• Calm the mind – It has calming properties that soothe hurt souls. It evokes moods of quietness and concentration.
  • Clarify – It refreshes and purifies the mind, offering clarity.

Personality Color White

White has the highest equality standards as it combines equal amounts of every color of the spectrum.

If white is your favorite color, then you might have the personality color white.

Meanings of White Shades

White has no pure shades because the color is a combination of all others. Yet, these are some (unpure) shades of white:

Ivory: It represents the pureness of white with the added warmth of yellow.

Beige: It has the warmth and down-to-earth traits of brown and the light crispness of white. It is a relaxing and dependable color.

Pewter: This color retains the seriousness and neutrality of gray.

More Shades of White

Shades of white

Here are some more shades of white: Pearl, snow, ivory, cream, eggshell, cotton, chiffon, salt, lace, coconut, daisy, porcelain, rice, baby powder, frost, ghost, floral, antique white, chalk, milk, linen, ghost white, lily, alabaster.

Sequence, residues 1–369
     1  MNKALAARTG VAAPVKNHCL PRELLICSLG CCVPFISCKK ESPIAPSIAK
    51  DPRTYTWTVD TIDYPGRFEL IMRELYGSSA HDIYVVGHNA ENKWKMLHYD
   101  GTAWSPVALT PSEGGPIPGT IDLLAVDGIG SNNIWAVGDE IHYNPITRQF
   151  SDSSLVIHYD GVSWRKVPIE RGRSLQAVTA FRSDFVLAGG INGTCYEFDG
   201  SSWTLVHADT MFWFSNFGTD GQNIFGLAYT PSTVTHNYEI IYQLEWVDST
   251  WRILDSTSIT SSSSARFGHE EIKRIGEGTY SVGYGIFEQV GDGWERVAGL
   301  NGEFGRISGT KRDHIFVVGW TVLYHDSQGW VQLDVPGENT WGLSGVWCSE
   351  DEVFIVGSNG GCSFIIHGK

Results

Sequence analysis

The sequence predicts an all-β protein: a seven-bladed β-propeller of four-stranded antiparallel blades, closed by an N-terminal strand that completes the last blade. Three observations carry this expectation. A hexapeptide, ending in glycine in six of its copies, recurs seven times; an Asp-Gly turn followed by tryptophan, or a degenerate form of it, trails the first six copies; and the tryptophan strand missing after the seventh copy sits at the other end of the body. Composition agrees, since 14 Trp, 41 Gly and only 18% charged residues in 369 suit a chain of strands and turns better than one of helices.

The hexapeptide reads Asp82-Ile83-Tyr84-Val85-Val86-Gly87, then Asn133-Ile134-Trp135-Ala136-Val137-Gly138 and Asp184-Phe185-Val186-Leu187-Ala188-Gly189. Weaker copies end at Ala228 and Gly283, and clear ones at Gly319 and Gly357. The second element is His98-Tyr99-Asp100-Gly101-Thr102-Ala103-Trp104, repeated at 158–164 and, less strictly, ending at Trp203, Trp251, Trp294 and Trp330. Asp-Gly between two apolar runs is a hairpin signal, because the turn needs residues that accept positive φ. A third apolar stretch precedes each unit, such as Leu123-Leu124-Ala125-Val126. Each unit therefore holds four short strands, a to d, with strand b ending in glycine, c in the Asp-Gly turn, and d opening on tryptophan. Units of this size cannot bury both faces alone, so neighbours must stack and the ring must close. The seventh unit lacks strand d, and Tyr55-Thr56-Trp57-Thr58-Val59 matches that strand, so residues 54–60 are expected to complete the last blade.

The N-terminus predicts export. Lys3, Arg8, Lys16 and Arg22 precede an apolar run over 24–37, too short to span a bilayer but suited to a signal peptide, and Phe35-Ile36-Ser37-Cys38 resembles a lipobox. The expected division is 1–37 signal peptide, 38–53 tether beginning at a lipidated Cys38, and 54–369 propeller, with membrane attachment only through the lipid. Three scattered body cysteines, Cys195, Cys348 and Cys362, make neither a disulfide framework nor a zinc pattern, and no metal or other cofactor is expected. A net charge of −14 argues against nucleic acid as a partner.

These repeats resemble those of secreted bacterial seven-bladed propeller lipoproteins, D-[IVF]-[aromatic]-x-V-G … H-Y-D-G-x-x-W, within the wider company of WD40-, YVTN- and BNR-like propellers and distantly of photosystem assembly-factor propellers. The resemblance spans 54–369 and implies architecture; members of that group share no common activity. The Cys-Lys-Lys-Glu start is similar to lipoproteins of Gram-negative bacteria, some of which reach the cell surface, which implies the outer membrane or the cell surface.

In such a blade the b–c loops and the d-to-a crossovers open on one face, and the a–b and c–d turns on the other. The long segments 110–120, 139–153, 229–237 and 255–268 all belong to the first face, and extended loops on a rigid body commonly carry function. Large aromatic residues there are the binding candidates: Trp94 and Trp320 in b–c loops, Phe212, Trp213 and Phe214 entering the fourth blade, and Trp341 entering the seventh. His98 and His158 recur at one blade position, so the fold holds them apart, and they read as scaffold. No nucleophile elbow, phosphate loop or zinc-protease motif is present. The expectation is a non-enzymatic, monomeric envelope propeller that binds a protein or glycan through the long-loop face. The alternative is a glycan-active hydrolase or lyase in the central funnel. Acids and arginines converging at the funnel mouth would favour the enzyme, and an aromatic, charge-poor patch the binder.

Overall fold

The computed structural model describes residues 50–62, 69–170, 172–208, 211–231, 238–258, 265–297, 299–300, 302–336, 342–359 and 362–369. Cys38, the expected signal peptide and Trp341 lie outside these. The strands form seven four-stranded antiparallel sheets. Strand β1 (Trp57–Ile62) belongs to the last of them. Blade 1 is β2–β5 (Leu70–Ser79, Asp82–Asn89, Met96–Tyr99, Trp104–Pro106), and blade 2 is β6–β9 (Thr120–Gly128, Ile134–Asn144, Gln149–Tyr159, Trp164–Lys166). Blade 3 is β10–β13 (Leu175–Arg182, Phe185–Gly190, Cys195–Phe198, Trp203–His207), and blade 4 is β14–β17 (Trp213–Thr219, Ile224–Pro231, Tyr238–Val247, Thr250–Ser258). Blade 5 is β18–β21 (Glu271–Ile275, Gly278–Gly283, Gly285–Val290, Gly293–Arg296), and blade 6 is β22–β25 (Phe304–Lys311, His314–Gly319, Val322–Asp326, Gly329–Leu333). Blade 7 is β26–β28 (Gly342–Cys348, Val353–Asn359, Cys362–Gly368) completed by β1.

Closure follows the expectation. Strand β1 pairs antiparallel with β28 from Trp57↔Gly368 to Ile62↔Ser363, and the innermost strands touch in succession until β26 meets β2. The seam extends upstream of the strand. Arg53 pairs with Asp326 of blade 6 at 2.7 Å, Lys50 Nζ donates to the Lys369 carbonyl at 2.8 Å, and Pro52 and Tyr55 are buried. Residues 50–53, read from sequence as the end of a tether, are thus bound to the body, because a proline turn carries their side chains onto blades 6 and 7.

Most Common Uses of White

The color white is mostly used to promote high-end technology and health-related products – always balanced out with another color.

It is also used in hospitals, medical centers, and pharmacies because it is a healing color.

Companies and Brands That Use White in Their Logo

Many brands use white in their logo as negative space or for the font. Some of these companies are Starbucks, Levi’s, Ford, Volkswagen, Lego, Hewlett Packard, Gap, Michelin, WWF, and Uber.